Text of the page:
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Someries Castle: Ruined Manor Of English Soldier Sir John Wenlock

Someries Castle: Ruined Manor Of English Soldier Sir John Wenlock

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Although very grand, Someries Castle is not really a castle; rather, it is a manor house. It is believed that the estate was purchase by Sir John Wenlock from William de Someries sometime in the 1430s AD. Wenlock started to build Someries Castle on the grounds but did not complete it because he was killed in battle.

Someries Castle, Sir John Wenlock And The Wars Of The Roses

Between 1455 and 1485, a civil war occurred between two royal families: the House of York and the House of Lancaster. This civil war is referred to as the Wars of the Roses , with the white rose representing the House of York and the red rose representing the House of Lancaster. The war erupted as a result of King Henry VI’s weak rule. Although he had inherited the throne from his powerful father, King Henry V , Henry VI wasn’t interested in politics. Some even say he was too incompetent to rule.

As a result, lawlessness spread throughout the kingdom. This chaos led to much intrigue, with nobles and other royals vying for control of the crown. Between these years, some very bloody battles took place, including the Battle of Tewkesbury , the battle in which Sir John Wenlock was killed.

The Battle of Tewkesbury, one of the most decisive battles of the Wars of the Roses, took place on May 4, 1471. Many of the nobles and the forces loyal to the House of Lancaster were defeated and killed. During this battle, King Henry VI was taken prisoner in the Tower of London and murdered a few days later on the new king, Edward IV’s, orders.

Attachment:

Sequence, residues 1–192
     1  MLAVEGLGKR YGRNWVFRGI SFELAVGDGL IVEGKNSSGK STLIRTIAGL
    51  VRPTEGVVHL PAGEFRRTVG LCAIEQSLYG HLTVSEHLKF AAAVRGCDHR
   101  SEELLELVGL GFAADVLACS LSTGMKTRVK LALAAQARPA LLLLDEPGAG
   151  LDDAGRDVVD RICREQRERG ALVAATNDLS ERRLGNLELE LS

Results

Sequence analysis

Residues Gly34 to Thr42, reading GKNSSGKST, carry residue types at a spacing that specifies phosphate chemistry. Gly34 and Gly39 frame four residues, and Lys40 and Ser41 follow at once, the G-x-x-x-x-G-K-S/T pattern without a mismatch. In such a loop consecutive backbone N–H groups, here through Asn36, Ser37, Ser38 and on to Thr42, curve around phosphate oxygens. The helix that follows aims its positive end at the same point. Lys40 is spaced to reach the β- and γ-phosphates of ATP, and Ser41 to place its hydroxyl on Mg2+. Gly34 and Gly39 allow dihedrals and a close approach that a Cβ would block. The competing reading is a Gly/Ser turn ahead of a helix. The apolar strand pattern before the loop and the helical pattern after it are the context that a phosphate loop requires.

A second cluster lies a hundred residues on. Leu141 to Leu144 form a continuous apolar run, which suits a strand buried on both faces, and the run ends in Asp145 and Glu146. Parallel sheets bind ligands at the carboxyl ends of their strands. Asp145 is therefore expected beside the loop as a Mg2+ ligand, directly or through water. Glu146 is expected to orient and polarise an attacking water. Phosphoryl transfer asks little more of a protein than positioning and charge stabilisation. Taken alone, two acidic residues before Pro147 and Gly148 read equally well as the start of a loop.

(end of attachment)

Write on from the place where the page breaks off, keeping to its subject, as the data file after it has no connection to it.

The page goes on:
Sir John Wenlock fought in 6 of the significant battles in the Wars of the Roses but is often referred to as the “Prince of Turncoats” because he fought for both the House of Lancaster and the House of York. Upon his death, he was fighting for the House of Lancaster in the Battle of Tewkesbury, however. Wenlock was a casualty of this battle but not at the hands of the enemy. It is believed that he was killed by his own commander, the Duke of Somerset, for his indecisiveness, which caused many of Somerset’s soldiers to get slaughtered during the battle.

Someries Castle Was Wenlock’s “Manor”

A distinguishing trait of Someries Castle is that it is one of the first brick buildings to be built in England. Indeed, the edifice has very impressive and elaborate brickwork. In its heyday, the castle had 25 useable rooms and 23 hearths. There was also a gatehouse and a chapel, which still stand on the grounds today. A garden lies to the southwest of the residence. The roof is gone but the walls of the structure remain.

Brickwork at Someries Castle, one of the earliest brick structures in England. (Forscher scs / CC BY-SA 4.0)

Brickwork at Someries Castle, one of the earliest brick structures in England. (Forscher scs / CC BY-SA 4.0 )

Why Someries Castle Was Built?